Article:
Crustal Velocity Structure of Turkey from Ambient Noise Tomography

Crustal Velocity Structure of Turkey from Ambient Noise Tomography Phase velocity (left column) and horizontal resolution maps (right column) for periods of 8, 14, 25, and 40 s. Phase velocity maps, with period labeled in the lower left, show percent variations relative to the mean phase velocity. Phase velocities are plotted for regions with horizontal resolution <=150 km, with white contour lines showing regions with resolution <=100 km. Stations (gray triangles), faults (gray lines), and paleo-sutures (red lines) are also shown. The resolution maps in the right column show path coverage (red lines) and horizontal resolution.
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In eastern Turkey, the ongoing convergence of the Arabian and African plates with Eurasia has resulted in the westward extrusion of the Anatolian plate. To better understand the current state and the tectonic history of this region, we image crust and uppermost mantle structure with ambient noise tomography. Our study area extends from longitudes of 32-44 degrees E. We use continuous data from two PASSCAL deployments, our 2006-2008 North Anatolian Fault Passive Seismic Experiment and the 1999-2001 Eastern Turkey Seismic Experiment, as well as from additional seismometers in the region. We compute daily cross-correlations of noise records between all station pairs and stack them over the entire time period for which they are available, as well as in seasonal subsets, to obtain interstation empirical Green's functions. After selecting interstation cross-correlations with high signal-to-noise ratios and measuring interstation phase velocities, we compute phase velocity maps at periods ranging from 8-40 s. At all periods, the phase velocity maps are similar for winter and summer subsets of the data, indicating that seasonal variations in noise sources do not bias our results. Across the study area, we invert the phase velocity estimates for shear velocity as a function of depth. The shear velocity model, which extends to 50 km depth, highlights tectonic features apparent at the surface: the Eastern Anatolian Volcanic Province is a prominent low-velocity anomaly whereas the Kirsehir Block has relatively fast velocities. In addition, in the southeastern part of our study area, we image a high velocity region below 20 km depth which may be the northern tip of the underthrusting Arabian plate. There are velocity jumps across the Central and East Anatolian Fault Zones. The North Anatolian Fault Zone appears as a fast anomaly in the upper crust.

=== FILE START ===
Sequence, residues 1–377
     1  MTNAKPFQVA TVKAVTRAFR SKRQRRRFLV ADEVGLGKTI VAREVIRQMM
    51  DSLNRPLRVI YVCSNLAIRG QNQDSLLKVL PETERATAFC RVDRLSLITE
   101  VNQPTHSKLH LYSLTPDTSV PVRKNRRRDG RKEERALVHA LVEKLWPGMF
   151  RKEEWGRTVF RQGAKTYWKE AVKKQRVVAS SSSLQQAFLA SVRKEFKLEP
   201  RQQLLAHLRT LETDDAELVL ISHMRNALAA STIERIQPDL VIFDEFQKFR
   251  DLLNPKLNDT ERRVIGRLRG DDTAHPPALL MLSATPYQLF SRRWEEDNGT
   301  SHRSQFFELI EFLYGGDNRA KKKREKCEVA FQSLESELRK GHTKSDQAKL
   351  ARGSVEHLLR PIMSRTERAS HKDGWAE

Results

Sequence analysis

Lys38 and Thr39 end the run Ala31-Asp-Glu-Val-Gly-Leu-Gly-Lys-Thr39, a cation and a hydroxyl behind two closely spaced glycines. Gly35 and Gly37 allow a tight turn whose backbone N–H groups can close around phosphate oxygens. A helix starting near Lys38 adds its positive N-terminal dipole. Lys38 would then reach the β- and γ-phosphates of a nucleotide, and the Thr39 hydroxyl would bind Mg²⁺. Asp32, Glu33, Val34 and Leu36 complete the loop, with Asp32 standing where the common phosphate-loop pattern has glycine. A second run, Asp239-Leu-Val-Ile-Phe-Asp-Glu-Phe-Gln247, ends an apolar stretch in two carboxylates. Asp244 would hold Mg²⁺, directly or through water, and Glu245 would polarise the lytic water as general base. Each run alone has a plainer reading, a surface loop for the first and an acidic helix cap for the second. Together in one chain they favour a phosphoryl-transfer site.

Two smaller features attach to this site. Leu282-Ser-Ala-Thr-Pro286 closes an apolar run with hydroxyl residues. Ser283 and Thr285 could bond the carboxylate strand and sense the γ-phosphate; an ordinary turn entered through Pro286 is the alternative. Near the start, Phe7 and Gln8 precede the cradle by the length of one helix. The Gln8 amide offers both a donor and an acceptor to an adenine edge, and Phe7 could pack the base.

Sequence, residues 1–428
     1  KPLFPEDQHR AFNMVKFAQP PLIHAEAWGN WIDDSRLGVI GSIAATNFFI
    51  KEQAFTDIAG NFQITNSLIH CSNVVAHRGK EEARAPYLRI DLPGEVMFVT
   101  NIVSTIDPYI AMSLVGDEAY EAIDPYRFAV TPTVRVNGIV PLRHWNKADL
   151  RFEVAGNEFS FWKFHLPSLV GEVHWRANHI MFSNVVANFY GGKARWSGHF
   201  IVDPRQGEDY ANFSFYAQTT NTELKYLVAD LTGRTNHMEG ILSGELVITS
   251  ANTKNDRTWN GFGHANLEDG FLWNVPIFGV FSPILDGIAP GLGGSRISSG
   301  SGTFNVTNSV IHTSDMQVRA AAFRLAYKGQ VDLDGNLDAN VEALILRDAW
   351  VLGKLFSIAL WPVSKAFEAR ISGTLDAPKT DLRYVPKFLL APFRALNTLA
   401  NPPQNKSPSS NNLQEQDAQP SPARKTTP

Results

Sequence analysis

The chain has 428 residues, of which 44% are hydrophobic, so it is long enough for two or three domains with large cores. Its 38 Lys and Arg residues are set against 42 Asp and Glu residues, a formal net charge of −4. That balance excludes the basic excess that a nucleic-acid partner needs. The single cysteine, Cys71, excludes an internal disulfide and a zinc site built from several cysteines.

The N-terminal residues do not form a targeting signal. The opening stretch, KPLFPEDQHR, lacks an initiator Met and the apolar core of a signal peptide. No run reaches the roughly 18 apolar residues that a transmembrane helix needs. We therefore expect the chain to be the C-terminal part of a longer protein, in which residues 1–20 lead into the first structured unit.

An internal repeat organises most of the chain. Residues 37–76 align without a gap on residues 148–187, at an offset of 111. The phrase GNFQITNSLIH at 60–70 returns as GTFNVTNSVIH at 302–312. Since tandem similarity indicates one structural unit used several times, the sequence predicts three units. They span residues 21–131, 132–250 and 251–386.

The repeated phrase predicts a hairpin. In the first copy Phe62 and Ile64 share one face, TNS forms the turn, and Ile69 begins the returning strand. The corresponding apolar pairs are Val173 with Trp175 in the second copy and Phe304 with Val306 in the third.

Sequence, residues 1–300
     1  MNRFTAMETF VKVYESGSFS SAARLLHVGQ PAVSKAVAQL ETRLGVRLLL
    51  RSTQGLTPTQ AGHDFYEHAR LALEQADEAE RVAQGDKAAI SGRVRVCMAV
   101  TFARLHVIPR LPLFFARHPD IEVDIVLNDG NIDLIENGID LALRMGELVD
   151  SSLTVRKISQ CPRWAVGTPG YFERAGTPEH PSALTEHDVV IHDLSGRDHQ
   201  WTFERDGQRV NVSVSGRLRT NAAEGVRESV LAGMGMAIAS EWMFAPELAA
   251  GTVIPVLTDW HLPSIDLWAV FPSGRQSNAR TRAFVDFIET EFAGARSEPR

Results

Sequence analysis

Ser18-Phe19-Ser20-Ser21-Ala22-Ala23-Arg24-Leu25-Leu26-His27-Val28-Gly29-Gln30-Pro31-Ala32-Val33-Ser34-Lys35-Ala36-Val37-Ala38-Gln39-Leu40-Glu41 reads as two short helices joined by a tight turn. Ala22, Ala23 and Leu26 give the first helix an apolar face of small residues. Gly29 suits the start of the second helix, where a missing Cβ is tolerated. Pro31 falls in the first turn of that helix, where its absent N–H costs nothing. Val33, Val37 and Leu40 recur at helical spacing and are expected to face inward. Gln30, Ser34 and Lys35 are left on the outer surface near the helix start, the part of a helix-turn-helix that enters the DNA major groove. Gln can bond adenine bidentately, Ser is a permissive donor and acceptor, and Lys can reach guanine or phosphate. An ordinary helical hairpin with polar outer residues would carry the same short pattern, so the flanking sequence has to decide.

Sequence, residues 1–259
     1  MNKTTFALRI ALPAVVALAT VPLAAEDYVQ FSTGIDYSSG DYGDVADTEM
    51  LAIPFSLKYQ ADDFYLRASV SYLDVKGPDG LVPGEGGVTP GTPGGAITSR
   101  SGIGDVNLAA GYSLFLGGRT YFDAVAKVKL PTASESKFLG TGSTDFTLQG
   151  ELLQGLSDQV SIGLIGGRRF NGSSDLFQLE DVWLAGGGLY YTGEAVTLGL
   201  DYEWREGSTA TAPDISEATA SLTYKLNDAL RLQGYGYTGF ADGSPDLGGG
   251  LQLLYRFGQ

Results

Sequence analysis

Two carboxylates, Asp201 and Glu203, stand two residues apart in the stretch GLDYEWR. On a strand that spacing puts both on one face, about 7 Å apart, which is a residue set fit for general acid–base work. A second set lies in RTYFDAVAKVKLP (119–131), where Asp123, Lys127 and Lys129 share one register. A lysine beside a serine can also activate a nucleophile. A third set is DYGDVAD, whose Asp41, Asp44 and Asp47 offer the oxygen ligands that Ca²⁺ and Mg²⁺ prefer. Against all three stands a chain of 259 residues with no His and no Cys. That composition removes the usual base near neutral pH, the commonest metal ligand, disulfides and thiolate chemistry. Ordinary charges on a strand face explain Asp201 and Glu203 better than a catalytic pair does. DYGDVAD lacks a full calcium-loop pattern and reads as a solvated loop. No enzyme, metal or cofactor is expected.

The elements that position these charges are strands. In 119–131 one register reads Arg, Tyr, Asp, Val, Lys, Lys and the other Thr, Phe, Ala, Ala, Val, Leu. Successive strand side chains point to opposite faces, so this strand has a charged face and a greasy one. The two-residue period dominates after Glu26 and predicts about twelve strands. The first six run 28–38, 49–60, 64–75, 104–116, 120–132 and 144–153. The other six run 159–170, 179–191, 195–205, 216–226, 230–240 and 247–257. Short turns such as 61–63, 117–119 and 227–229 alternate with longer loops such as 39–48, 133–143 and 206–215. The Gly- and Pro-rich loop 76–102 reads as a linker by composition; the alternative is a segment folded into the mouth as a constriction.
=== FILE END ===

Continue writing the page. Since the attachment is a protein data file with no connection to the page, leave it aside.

</p><p>Acknowledgements: This work was fund by the National Science Foundation through grant EAR-0309838 and Independent Research and Development time.</p>

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